Overview: In Jason Bateman’s directorial debut, he stars as a grown man who infiltrates The Golden Quill National Spelling Bee. Focus Features; 2014; Rated R; 89 minutes.
What REALLY Works: More than anything, it is Guy Trilby’s (Jason Bateman) friendship with 10-year-old fellow contestant Chaitanya Chopra (Rohan Chand) that fuels the film. Chopra is sweet, wide-eyed, and as innocent as can be, claiming that his only friend in the world is his academic binder filled with words that he’s learned to spell. He affectionately calls the binder “Todd” and calls it his “key to success.” Chopra is as bright and optimistic as Trilby is dark and pessimistic. This stark contrast makes their relationship easily the funniest and most enjoyable of the film. In fact, Bad Words would have been a much stronger film had it left out a few useless characters and just focused more on Trilby and Chopra. Hell, I want another full-on buddy comedy starring Bateman and Chand, who is all kinds of adorable, right now.
What Doesn’t Work: The most pointless of these formally mentioned throwaway characters is Jenny Widgeon (Kathyrn Hahn), a journalist who is inexplicably spending weeks with Trilby and paying all of his travel and food expenses in exchange for the rights to break his story. Hahn is fine in the role, but the character doesn’t add enough for her inclusion in the film to feel at all justified. She’s not very funny, Trilby is frustratingly rude to her, and she never seems to learn from her own mistakes. This character isn’t the film’s only flaw, but she’s the easiest to explicitly discuss. There’s also the fact that everyone seems way too worked up over a spelling bee, but I guess that’s part of the joke.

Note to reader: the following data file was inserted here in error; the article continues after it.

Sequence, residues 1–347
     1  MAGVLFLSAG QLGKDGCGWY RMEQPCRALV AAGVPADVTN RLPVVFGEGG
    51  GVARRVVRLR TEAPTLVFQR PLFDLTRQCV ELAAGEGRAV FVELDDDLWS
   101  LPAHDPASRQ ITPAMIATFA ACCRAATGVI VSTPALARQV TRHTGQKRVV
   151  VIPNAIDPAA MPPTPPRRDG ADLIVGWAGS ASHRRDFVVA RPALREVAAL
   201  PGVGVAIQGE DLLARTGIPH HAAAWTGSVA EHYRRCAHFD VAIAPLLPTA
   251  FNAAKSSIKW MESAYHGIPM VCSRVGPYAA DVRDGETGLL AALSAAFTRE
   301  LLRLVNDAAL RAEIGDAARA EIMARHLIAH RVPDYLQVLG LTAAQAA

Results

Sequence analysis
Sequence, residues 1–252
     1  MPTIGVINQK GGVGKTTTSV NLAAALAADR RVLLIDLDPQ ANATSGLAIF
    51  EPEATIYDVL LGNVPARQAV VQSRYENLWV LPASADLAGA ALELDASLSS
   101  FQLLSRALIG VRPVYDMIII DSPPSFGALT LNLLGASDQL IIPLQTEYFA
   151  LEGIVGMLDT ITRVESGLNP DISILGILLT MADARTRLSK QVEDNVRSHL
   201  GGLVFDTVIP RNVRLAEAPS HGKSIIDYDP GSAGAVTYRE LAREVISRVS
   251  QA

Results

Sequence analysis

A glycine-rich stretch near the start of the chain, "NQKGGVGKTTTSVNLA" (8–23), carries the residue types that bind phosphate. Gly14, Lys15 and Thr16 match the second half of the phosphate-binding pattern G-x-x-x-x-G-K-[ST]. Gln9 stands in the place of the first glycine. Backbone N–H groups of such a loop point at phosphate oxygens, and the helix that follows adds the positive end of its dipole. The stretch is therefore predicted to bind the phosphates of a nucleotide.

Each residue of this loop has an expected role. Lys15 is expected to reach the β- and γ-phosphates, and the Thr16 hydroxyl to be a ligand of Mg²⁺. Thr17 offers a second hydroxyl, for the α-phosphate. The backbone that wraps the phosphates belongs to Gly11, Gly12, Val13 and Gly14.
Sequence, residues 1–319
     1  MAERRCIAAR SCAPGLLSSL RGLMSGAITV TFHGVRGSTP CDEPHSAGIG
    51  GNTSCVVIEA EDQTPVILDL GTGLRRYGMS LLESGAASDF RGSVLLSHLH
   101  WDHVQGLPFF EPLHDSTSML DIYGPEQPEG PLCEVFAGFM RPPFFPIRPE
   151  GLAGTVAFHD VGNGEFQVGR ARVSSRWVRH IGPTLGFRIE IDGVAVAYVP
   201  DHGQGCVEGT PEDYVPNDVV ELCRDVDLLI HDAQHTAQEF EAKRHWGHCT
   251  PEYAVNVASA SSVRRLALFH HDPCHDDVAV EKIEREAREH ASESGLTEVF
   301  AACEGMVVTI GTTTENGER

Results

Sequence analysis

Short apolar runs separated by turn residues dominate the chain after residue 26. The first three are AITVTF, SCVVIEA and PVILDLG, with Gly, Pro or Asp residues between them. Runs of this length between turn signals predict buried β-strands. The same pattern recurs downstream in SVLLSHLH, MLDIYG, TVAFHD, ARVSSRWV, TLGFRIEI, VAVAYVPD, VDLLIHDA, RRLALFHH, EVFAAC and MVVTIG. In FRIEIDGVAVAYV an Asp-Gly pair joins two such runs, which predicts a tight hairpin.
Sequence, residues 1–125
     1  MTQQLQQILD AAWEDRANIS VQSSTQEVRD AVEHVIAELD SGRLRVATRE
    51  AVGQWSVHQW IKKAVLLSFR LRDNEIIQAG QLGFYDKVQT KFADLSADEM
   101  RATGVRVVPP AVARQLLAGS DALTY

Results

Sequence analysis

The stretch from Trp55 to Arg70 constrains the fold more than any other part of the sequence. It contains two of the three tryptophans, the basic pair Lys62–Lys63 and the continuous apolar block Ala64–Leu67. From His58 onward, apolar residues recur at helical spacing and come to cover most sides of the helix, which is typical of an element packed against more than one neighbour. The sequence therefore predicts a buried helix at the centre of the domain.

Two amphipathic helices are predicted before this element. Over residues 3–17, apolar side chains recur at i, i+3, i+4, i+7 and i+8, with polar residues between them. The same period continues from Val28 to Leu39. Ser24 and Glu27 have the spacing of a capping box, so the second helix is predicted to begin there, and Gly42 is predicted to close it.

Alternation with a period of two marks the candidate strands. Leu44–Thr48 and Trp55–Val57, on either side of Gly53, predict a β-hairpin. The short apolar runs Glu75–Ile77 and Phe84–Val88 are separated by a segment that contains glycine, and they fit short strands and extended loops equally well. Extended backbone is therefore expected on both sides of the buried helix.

What Might Work: The humor in Bad Words isn’t going to work for everyone. In fact, I’m not sure it worked for me. It’s so mean, so unabashedly cruel, that I found myself flinching more than laughing. Bateman completely commits to the rudeness. Trilby’s a complete bastard. Misanthropic, unapologetic, misogynistic, racist bastard. Though voice-overs, motivations for competing in the bee, and the adorable friendship with Chopra make Trilby more of a sympathetic character, he’s never quite likable, and that strengthens the film. We’re not exactly supposed to root for this guy, but we can’t really help ourselves. If nothing else Bad Words proves that Bateman is a strong enough actor to transcend his image. As a director, he doesn’t give us anything we haven’t seen before, but he’s fine. That’s it, really. Not bad. Not exceptional. Fine. Bateman certainly has promise, and Bad Words proves that he’s at least got the chops to put together a pretty enjoyable film.
Final Thoughts: Bad Words won’t please everyone. For some, it will be too harsh. For others, it will end too sweetly. But for those who are willing to look past some flaws, it’s worth watching.